Emirates To Retrofit Premium Economy On All Boeing 777-300ERs

What is sure to be an indication that its new Airbus A380 premium economy is a success, Emirates…

Emirates To Retrofit Premium Economy On All Boeing 777-300ERs

What is sure to be an indication that its new Airbus A380 premium economy is a success, Emirates is planning to retrofit all of its Boeing 777-300ERs with the same cabin. The news comes straight from the airline’s president, Sir Tim Clark, who sat down for an interview with Sam Chui.

Emirates has 124 Boeing 777-300ERs in its fleet. Photo: Getty Images

124 Boeing 777s to be retrofitted

According to an October 19th article by Sam Chui, Sir Tim Clark states that his airline has a plan to retrofit 124 of its Boeing 777s with premium economy, “those that aren’t scheduled to go out of service that is…” The airline has exactly 124 Boeing 777-300ERs, signaling that the cabin retrofit will take place on this sub-type of aircraft, with Emirates also currently operating 10 Boeing 777-200LRs.

“… we’re going to do the whole lot. It’s a very expensive operation, one that comes at a time when cash is king, but nevertheless, to move forward, we’re going to do that,” Clark states in his September 2021 interview.

Emirates currently has four Airbus A380s fitted with the relatively new cabin class, which was introduced at the very end of 2020. The remaining undelivered A380s will also be equipped with this cabin as well.

All future Emirates aircraft to get premium economy

During the same interview, Clark also confirmed that all new aircraft types eventually joining the Emirates fleet will also have a premium economy cabin. Types include the Boeing 787, the Boeing 777X, and Airbus A350.

The Boeing 787-9 and the Airbus A350-900 will both begin arriving at the Middle Eastern carrier in 2023.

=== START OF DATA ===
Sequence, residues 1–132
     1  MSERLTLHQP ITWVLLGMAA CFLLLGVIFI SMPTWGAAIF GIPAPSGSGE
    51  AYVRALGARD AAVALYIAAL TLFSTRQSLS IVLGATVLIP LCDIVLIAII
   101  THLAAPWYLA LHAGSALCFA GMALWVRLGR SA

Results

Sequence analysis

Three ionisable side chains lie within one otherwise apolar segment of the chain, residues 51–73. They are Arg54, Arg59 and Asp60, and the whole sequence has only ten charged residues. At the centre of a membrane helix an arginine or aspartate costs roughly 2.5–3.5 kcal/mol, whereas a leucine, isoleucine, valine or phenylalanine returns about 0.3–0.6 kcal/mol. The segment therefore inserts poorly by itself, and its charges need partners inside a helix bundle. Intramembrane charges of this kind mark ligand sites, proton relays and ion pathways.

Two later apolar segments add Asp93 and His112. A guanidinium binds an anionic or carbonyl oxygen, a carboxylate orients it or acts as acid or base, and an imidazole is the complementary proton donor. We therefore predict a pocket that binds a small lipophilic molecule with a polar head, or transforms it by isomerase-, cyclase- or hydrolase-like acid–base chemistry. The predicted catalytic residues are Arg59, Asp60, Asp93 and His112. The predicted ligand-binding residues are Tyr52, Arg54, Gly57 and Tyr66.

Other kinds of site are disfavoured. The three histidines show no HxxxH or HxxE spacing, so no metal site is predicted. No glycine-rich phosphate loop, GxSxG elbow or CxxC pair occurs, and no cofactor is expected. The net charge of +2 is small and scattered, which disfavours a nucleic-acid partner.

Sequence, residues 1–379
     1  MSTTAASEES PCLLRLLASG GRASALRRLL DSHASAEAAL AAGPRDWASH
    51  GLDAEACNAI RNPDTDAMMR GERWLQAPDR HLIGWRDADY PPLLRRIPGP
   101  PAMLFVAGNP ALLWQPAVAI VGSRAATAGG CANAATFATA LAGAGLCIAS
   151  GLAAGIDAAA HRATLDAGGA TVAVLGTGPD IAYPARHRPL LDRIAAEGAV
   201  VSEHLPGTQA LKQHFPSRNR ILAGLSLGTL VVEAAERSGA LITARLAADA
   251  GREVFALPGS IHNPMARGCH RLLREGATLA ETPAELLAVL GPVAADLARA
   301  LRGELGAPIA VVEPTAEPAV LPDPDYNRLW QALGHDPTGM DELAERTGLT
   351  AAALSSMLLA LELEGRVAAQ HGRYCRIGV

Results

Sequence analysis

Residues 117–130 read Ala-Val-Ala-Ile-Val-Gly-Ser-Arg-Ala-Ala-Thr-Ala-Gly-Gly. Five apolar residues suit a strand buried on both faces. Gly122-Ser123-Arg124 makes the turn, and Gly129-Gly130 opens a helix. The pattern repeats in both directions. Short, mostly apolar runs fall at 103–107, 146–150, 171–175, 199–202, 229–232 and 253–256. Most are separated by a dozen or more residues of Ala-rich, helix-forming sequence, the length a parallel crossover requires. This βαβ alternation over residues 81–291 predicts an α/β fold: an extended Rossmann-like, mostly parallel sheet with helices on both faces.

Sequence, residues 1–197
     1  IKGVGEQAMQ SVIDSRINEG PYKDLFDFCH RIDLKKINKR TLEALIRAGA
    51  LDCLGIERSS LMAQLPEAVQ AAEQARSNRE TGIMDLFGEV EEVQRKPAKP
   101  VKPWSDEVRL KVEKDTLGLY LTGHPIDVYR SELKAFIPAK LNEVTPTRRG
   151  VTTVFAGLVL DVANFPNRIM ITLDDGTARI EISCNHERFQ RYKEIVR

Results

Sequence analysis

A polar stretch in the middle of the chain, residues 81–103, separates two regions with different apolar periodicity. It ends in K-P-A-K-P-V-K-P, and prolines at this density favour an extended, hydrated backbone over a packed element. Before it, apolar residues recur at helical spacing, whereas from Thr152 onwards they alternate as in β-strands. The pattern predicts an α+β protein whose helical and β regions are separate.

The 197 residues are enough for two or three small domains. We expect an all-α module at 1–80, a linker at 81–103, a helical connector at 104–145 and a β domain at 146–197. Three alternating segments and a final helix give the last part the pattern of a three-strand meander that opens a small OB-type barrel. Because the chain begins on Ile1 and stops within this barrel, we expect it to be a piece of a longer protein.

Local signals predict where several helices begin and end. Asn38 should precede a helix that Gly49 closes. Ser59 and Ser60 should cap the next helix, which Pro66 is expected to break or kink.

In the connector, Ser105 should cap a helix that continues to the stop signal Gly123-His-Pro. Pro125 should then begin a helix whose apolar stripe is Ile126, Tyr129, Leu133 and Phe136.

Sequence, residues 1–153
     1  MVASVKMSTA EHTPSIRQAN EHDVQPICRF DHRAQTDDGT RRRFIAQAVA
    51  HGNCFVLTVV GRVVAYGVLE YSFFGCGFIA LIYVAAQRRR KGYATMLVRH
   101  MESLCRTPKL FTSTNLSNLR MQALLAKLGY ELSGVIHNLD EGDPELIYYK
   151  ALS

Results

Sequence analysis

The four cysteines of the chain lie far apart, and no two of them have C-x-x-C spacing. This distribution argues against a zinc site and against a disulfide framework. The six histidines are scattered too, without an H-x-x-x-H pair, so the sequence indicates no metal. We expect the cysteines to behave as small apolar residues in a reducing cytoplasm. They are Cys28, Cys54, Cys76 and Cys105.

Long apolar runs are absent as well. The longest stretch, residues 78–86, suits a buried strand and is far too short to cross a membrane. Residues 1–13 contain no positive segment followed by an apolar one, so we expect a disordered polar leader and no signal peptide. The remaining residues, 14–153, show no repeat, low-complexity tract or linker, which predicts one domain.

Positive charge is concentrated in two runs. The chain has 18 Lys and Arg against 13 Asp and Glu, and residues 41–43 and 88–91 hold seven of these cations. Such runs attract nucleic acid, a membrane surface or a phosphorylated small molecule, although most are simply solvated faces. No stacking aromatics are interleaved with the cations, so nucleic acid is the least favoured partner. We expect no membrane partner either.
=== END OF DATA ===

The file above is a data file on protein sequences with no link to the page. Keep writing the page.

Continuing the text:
And then there’s the new and yet-to-enter-service Boeing 777X. When it comes to the new jet, ongoing delays have left Clark frustrated with the lack of certainty over when the aircraft will start to arrive. In an April 2021 interview with Simple Flying, Clark suggested that even Boeing’s latest projection could be false, indicating that a 2025 arrival would not be completely unexpected.

Premium economy class currently only exists on a small handful of Emirates’ Airbus A380s. Photo: Emirates

What does this mean?

Clark’s confirmation of the cabin retrofit tells us a few things about the Emirates fleet plan.

Firstly, it indicates that the airline will be hanging on to its Boeing 777-300ERs for quite a few more years. The average age of this sub fleet, according to Planespotters.net, is 8.6 years old. The oldest of these joined the airline in 2006, making them 15 years old. The airline’s youngest 777-300ERs are around three years of age, being delivered to Emirates in 2018. While it’s no surprise that the airline will retrofit its newer -300ERs, news that even its oldest jets will get the same treatment shows the airline’s longer-term commitment to these aircraft.

Secondly, Clark’s comments regarding the expense of this undertaking tell us that the airline sees an excellent opportunity in offering this level of service. Indeed, if premium economy seats weren’t selling as well as the airline had hoped, it’s possible they wouldn’t go “all in” the way that they have with these 777 retrofits.

Is experiencing premium economy on an Emirates aircraft on your to-do list? What do you think of the airline’s plan to install the cabin on its 777s? Let us know by leaving a comment.

Source : Simple Flying More   

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The Passenger Turboprops With The Highest Cruising Altitude

Earlier this year, we took a look at passenger aircraft with the highest cruising altitudes and service ceilings.…